Leaders sat down with Woodley. “This is what we stand for,” we said, “and these are our expectations. We told you this when we hired you, and we told you this at orientation. And this is how you’re going to get evaluated, and it’s not going to go well.”

Woodley replied that it was all about efficiency. “I’m just efficient, and if these people are slow, they’re going to have to get faster, because I’m efficient.”

Efficiency is great, we agreed, but collegiality and effective teamwork are critical as well. We set up a formal performance evaluation and gave Woodley a six-month improvement plan with crystal-clear standards and expectations. Incredibly, the behavior did not change. Woodley continued to abuse staff members, creating a toxic environment in the clinic. So, a high-quality, highly functional clinical doctor who just simply couldn’t— or wouldn’t— treat staff well was dismissed. [ibid, pp. 92-93]
I have repeatedly used the phrase "psychosocial toxicity" on this blog while discussing what I feel to be key elements of "high performance healthcare delivery teams." e.g.,
My recent posts have ruminated on what I see as the underappreciated necessity for focusing on the "psychosocial health" of the healthcare workforce as much as focusing on policy reform (e.g., P4P, ACOs, PCMH), and process QI tactics (e.g., Lean/PDSA, 6 Sigma, Agile), including the clinical QI Health IT-borne "predictive analytics" fruits of ""Evidence Based Medicine" (EBM) and "Comparative Effectiveness Research" (CER). Evidence of psychosocially dysfunctional healthcare organizational cultures is not difficult to find (a bit of a sad irony, actually). From the patient safety-inimical "Bully Culture" down to the "merely" enervating emotionally toxic, I place it squarely within Dr. Toussaint's "8th Waste" (misused talent).
I repeat yet again:
A psychosocially healthy workplace is a significant profitability and sustainability differentiator.
I stand by that view. See my July 19th, 2014 post Medical Error, Interop, and the Patient Safety-Health IT nexus.

Lots more to think about and report (there's so much good work out there in the literature). Need more coffee at the moment. Buy the Cochran-Kenney book. I get nothing for touting it, btw.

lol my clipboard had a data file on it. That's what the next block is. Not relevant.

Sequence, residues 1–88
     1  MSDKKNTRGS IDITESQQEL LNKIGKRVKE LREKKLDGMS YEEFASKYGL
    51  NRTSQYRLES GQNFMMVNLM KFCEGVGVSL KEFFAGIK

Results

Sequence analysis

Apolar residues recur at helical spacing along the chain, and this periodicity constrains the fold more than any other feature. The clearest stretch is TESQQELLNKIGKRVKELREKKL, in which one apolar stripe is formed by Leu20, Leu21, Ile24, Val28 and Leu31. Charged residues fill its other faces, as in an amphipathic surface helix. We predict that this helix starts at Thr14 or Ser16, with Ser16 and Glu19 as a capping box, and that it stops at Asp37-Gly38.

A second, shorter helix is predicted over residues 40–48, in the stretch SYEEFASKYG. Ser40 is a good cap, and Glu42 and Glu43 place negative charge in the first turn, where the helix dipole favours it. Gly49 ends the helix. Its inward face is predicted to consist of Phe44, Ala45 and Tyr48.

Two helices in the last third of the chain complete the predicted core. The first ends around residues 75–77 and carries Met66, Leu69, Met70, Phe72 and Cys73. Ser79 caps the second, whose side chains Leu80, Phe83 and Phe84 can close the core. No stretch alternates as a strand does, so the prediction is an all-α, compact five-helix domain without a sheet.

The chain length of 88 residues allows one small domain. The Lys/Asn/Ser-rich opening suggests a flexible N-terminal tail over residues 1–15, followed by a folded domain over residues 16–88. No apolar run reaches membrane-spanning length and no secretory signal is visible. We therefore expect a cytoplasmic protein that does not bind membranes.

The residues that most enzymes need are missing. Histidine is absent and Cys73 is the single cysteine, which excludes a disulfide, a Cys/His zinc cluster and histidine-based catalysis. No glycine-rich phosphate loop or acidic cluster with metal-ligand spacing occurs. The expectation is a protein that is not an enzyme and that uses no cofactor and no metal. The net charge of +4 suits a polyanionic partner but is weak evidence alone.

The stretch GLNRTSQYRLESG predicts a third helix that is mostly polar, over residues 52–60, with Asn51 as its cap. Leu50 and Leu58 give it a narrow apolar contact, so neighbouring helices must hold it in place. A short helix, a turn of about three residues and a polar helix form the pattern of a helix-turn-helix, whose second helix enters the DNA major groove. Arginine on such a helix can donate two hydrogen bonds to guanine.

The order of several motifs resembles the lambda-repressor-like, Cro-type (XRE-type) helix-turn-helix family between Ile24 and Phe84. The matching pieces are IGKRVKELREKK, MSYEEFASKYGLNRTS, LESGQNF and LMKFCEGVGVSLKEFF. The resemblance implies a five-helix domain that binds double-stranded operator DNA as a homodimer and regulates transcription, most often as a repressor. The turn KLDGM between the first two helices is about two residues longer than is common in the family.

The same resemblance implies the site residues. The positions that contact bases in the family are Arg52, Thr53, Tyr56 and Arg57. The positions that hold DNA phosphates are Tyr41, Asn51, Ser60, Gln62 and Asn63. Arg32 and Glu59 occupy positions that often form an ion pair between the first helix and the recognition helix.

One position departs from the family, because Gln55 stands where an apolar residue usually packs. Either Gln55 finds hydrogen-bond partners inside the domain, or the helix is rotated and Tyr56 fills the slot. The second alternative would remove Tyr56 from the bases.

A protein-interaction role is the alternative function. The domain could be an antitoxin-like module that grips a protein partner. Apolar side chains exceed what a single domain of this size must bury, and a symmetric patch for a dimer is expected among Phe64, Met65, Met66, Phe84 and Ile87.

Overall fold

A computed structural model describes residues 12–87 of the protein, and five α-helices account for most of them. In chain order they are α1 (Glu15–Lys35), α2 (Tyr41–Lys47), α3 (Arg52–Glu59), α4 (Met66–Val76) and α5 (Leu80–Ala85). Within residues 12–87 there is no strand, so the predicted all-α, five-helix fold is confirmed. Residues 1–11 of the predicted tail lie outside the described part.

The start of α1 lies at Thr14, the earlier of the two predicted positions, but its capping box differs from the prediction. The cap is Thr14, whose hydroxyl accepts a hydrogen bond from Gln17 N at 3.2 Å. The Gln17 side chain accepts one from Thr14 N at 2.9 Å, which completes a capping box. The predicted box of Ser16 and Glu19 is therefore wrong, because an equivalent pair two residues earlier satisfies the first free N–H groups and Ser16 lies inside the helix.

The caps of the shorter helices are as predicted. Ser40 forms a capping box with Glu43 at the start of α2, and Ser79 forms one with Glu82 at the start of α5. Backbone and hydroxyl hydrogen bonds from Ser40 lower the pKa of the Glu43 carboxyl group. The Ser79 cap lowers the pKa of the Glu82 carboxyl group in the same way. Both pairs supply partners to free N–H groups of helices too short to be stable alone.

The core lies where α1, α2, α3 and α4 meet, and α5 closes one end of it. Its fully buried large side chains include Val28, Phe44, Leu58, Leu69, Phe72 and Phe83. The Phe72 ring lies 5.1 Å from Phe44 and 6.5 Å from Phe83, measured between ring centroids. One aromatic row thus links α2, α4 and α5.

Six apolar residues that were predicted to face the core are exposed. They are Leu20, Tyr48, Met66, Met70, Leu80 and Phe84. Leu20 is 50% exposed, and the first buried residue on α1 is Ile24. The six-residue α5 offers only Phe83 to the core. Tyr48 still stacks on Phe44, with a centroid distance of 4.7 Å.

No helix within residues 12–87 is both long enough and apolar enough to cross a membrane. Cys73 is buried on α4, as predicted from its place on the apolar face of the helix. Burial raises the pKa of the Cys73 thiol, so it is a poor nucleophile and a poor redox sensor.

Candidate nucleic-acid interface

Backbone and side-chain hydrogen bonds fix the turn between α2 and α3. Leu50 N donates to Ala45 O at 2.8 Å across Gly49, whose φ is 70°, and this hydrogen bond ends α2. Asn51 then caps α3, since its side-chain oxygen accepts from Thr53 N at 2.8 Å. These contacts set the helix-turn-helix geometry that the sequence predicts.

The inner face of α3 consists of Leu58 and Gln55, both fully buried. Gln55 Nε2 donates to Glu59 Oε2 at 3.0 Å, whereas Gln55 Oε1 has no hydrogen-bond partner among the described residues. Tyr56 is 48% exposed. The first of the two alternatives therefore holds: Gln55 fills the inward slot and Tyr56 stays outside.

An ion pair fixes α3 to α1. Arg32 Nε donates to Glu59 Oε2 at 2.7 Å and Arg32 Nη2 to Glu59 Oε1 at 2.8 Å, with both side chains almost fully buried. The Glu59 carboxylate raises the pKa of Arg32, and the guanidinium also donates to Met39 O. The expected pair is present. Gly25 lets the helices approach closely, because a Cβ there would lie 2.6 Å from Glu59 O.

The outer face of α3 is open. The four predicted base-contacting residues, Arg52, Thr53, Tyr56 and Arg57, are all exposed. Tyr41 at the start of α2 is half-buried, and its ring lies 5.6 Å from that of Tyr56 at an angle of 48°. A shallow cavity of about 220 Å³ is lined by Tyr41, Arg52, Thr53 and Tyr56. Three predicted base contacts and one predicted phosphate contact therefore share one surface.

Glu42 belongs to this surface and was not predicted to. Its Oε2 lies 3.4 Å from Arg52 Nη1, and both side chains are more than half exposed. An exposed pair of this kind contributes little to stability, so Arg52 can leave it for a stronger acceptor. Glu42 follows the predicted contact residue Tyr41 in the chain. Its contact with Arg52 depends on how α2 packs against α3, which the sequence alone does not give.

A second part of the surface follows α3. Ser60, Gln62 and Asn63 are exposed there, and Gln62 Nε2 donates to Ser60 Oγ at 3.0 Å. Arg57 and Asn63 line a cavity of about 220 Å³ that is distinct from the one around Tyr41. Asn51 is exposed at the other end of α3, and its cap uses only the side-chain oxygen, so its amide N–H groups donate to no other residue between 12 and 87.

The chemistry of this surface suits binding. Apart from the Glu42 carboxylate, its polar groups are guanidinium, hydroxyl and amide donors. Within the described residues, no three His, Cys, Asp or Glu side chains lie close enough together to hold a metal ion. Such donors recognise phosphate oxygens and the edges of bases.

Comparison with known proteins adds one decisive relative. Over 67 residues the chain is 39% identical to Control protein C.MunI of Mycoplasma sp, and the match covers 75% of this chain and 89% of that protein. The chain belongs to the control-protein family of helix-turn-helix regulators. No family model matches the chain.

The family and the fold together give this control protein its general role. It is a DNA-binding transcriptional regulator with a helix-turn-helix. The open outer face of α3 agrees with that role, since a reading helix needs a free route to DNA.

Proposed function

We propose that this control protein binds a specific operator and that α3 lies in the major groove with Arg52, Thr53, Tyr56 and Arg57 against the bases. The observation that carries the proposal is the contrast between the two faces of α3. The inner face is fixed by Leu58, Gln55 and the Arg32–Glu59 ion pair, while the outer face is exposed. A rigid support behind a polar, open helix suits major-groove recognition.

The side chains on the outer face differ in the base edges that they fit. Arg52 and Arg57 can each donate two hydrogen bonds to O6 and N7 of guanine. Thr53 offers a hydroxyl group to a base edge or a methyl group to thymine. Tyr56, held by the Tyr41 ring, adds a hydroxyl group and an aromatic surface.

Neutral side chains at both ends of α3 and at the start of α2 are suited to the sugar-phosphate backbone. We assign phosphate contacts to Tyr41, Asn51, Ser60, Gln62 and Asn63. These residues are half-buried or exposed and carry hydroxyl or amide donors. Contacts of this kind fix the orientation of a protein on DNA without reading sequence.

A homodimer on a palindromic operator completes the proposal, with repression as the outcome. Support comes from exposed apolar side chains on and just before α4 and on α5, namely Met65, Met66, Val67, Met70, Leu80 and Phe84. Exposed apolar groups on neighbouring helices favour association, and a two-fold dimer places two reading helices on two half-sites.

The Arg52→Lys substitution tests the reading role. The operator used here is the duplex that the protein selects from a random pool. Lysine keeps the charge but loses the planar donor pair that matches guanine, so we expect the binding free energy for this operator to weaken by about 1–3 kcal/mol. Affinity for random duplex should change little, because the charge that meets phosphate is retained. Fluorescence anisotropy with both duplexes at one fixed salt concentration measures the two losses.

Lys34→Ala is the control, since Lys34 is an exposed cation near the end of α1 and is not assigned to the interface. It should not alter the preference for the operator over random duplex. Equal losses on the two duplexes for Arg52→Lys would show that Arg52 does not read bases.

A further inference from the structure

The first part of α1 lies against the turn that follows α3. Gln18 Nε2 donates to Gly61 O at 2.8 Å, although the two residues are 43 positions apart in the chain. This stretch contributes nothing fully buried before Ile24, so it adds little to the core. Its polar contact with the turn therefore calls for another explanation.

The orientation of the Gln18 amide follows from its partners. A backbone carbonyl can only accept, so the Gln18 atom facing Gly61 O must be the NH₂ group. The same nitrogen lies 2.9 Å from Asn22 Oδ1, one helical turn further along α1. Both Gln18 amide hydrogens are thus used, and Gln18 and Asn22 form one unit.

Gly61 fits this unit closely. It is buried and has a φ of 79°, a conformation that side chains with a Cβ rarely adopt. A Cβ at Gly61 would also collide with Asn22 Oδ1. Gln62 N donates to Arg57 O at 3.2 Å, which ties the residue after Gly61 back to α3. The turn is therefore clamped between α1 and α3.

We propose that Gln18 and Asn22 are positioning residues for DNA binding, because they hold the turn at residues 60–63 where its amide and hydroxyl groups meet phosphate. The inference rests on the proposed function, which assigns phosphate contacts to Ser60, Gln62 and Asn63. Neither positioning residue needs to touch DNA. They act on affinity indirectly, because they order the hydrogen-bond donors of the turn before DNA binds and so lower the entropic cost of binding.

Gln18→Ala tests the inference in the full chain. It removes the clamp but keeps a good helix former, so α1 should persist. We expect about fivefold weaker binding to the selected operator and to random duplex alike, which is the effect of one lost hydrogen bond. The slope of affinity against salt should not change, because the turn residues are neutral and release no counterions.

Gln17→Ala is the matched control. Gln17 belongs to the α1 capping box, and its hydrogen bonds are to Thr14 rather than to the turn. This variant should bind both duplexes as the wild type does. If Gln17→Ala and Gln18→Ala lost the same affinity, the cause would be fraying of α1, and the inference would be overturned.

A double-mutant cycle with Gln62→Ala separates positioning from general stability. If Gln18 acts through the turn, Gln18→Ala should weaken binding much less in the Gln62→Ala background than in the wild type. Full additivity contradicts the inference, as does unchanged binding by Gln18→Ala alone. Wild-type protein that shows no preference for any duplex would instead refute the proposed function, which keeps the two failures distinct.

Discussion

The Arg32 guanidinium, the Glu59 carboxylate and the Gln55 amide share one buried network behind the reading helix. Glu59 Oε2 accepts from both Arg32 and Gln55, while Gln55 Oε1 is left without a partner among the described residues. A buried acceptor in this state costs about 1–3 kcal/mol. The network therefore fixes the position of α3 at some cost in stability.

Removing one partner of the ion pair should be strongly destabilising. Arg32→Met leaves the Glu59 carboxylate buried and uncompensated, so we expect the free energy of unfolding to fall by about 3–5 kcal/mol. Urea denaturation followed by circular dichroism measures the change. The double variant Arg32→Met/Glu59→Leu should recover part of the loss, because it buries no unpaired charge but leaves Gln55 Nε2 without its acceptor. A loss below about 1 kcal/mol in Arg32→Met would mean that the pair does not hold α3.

Just as Dr. Toussaint added an "8th waste" (misused talent) to the traditional Lean methodology's "Seven Wastes," In The Doctor Crisis we encounter "The Quadruple Aim," which supplants the traditional "Triple Aim" of the progressive healthcare reform ideal.
Dr. Bodenheimer and his University of California San Francisco colleague Rachel Willard made a valuable contribution to “In Search of Joy in Practice,” conducting seven of the twenty-three primary care site visits covered in the report. After studying the seven practices, Bodenheimer and Willard authored a paper titled “The Building Blocks of High-Performing Primary Care: Lessons from the Field” for the California Health Care Foundation in which they observed that primary care in the United States “is undergoing a transformation— from physician-centered practices to patient-focused teams.” Bodenheimer believes so strongly in the importance of clinician morale that, he says, “the Triple Aim should be a quadruple aim, with clinician and staff satisfaction a necessity to achieve the other three aims.”...
The work by Drs. Sinsky, Bodenheimer, and their colleagues is instructive and inspiring, for they have broken out of the narrow definition of a physician as healer and embraced the concept of physician as healer-leader-partner. In doing so, they have taken on broad accountability for their patients’ health care, going beyond the clinic in search of improvements and joining together with others in a collaborative process that enhances the strength and power of their recommendations. They have identified improvements that seek to summon the idealist and enable the healer in all physicians to alleviate suffering and save lives..
We need a new deal with physicians. Just as the doctors in Colorado needed preservation and enhancement of careers to trigger a surge in the quality of patient care, so too do we need a comparable deal now for the nation. This work to preserve and enhance physician careers is so critical that, as Bodenheimer says, “the Triple Aim should be a quadruple aim, with clinician and staff satisfaction a necessity to achieve the other three aims.”
Physician compacts are deals that health care organizations make with their doctors. More and more organizations throughout the country are turning to compacts to make as explicit as possible what the organization can expect from doctors and what doctors can expect from the organization... [The Doctor Crisis, pp. 118-120, 178]
This book hits all of the by now familiar best practices process QI notes (including adroit use of Health IT for data-driven analytics across the board), but goes well beyond that into detail regarding explicit "compact"/"code of conduct" workforce culture policy--policy that is essentially "Just Culture" material. e.g.,
Colorado Permanente Medical Group [CPMG] physicians demonstrate commitment to our patients, practices, and one another by providing high-quality, responsible medical care in a professional manner. 

In meeting this commitment, CPMG physicians will: 
1. Interact with other physicians , practitioners, and staff in their department, CPMG Leadership , and contacts in the community in a collegial, supportive, and professional manner.
  • Give feedback to colleagues in a professional manner.